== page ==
Jerry Kaplan, CodeX Fellow, The Stanford Center for Legal Informatics
The common wisdom about Artificial Intelligence is that we are building increasingly intelligent machines that will ultimately surpass human capabilities, steal our jobs, possibly even escape human control and take over the world. This narrative is both misguided and counterproductive. A more appropriate framing–better supported by actual events and current trends—is that AI is simply a natural expansion of longstanding efforts to automate tasks, dating back at least to the start of the industrial revolution. Stripping the field of its gee-whiz apocalyptic gloss makes it easier to predict the likely benefits and pitfalls of this important technology.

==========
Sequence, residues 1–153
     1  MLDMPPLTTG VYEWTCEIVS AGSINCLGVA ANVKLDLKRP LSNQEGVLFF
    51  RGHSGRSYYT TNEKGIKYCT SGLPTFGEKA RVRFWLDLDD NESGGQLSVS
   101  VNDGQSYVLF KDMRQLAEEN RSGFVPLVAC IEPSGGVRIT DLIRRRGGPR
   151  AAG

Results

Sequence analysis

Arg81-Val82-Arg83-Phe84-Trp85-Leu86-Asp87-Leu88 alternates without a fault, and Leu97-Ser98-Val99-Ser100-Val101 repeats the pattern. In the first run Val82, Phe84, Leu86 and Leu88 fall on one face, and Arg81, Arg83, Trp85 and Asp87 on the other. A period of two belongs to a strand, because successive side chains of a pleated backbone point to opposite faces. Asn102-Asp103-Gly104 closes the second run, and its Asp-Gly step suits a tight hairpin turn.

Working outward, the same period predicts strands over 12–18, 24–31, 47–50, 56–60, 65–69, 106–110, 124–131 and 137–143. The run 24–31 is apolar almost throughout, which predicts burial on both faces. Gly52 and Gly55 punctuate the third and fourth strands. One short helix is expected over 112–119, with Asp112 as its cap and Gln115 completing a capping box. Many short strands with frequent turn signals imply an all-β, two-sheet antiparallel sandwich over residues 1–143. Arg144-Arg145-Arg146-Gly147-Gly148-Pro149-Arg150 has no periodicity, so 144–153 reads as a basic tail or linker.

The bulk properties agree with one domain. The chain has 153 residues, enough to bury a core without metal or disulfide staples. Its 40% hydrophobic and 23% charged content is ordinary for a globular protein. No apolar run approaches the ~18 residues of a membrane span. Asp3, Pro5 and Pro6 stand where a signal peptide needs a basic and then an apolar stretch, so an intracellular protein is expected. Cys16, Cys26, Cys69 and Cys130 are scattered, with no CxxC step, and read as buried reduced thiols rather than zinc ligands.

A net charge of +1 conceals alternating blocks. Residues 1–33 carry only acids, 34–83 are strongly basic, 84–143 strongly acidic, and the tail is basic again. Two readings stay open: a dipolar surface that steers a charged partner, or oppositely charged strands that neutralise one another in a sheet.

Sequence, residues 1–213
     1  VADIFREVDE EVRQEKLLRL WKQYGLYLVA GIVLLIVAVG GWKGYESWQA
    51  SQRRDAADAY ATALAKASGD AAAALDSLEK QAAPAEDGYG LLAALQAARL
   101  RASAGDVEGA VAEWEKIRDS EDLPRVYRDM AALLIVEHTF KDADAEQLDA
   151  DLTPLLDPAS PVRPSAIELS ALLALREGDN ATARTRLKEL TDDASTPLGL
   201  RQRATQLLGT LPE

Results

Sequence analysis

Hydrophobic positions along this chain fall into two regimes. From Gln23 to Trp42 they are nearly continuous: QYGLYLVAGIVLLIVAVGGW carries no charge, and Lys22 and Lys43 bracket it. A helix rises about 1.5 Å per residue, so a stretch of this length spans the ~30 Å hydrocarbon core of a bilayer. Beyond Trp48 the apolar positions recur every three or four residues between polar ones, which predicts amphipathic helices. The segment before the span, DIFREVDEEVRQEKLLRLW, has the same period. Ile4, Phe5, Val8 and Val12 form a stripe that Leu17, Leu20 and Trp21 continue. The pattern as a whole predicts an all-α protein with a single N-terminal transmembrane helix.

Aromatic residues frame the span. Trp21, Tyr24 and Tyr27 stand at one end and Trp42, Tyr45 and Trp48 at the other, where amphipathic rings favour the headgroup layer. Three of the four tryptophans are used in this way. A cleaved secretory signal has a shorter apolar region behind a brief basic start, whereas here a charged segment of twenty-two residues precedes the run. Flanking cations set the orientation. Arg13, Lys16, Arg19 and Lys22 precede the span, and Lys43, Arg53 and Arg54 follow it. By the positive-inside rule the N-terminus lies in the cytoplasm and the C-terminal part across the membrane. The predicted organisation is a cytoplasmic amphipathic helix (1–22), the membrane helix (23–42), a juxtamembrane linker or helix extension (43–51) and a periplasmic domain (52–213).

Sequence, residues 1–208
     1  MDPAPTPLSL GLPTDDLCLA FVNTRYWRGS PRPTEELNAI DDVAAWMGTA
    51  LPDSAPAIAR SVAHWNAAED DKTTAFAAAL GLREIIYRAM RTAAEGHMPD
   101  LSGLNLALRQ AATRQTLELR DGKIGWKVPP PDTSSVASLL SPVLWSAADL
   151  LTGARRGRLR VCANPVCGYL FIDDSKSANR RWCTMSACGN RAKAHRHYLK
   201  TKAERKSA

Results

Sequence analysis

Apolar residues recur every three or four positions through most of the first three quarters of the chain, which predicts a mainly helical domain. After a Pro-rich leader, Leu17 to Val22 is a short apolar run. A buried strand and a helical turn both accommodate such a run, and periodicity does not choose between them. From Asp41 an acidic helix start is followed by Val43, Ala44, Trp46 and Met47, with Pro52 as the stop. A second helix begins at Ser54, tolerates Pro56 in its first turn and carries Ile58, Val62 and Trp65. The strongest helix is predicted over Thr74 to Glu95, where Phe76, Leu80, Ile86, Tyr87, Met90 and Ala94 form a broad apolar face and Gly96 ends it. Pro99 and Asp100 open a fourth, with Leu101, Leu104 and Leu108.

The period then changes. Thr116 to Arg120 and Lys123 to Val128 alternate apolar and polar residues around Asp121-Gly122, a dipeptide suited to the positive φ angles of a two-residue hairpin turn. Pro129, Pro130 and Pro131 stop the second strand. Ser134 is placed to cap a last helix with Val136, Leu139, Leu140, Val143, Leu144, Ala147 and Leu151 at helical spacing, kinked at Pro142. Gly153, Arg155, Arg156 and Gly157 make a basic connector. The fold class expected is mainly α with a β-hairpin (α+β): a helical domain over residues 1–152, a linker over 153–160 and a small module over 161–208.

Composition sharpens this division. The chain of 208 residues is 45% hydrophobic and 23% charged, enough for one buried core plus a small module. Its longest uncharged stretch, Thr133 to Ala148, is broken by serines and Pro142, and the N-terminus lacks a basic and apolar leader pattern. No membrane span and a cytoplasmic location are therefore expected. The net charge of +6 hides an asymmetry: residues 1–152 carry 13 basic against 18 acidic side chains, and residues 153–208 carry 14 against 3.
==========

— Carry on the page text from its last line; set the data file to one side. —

AI has the potential to usher in a new age of affluence and leisure, but it’s likely to roil labor markets and increase inequality unless we address these pressing societal problems. The robots are certainly coming, but whether they will benefit society as a whole or serve the needs of the few is very much in doubt. Join me for an unorthodox tour of the history of Artificial Intelligence, learn why it is so misunderstood, and what we can do to ensure that the engines of progress don’t motor on without us.